Erika teaches in the early childhood and elementary programs in the Graduate School of Education. Her life-long passion for educational technologies in constructivist learning environments emerged from an experiential situation; at an early age, she was afforded the opportunity to be schooled under the skillful direction of a Socratic practitioner in a confluent education program. More importantly, she discovered how self-directed learning helps students find opportunity when faced with adversity as it requires them to use adaptive reflection, reason, and logic to solve problems.
Erika's research in higher education suggests that the most successful adult learning environments are those utilizing a humanist pedagogical approach alongside 21st century connectivist ideals. She contends that contemporary adult learning must arise from this balance if it is to be self-generative and sustainable. Her research is part of a small but growing body of literature focused on graduate students’ experiences in certain learning contexts.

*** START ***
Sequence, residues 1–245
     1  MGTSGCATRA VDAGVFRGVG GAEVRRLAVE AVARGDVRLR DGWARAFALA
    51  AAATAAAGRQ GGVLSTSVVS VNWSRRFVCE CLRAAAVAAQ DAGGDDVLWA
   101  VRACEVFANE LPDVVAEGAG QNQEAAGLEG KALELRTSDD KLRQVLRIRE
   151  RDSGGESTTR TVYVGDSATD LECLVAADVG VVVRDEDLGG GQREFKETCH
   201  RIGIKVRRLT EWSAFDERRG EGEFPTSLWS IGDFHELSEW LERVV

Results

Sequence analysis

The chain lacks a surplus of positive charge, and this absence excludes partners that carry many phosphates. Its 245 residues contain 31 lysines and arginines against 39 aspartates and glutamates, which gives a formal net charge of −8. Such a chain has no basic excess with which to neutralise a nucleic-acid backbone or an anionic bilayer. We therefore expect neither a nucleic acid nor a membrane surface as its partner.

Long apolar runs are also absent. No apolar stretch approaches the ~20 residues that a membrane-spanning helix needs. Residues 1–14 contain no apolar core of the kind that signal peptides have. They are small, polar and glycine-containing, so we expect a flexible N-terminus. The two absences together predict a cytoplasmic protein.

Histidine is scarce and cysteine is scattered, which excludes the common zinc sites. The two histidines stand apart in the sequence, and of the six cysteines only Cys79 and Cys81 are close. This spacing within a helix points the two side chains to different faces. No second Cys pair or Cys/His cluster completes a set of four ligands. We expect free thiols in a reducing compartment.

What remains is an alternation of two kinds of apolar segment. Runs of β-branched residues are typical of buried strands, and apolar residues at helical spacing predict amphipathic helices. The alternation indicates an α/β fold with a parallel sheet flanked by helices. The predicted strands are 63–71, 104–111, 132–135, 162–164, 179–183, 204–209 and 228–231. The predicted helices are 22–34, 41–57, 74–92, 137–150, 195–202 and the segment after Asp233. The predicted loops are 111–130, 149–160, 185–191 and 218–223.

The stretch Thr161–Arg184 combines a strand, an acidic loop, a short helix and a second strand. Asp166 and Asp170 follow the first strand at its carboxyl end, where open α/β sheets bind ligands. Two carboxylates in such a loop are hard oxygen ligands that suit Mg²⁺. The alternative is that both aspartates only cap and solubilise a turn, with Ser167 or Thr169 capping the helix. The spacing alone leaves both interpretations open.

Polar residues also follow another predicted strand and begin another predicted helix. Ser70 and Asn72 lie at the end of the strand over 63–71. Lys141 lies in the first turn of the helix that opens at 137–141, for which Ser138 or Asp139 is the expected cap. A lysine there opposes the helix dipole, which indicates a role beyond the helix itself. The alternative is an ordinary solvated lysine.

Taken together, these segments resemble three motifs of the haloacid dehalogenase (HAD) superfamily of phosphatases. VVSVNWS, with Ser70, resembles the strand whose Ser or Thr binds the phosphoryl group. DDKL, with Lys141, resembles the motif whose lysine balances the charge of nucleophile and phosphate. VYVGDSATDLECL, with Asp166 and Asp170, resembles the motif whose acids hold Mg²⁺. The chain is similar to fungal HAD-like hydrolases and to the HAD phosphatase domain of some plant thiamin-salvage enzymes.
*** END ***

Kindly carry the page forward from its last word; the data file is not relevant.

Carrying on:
She has found both correlations and divergences regarding students’ level of digital nativity in her quest to develop a novel model for contemporary adult learning. Recent interests take Erika beyond the efficacy of the techno-peripheral to consider the complexities of creativity, intellectual freedom, and flow in the adult experience in higher education.
Specialized areas of expertise: Philosophy of Education, Cognitive & Developmental Theory, Socialnomics, Systems Design, and Program Planning & Evaluation
Education: M.Ed., Lesley University; PhD, Lesley University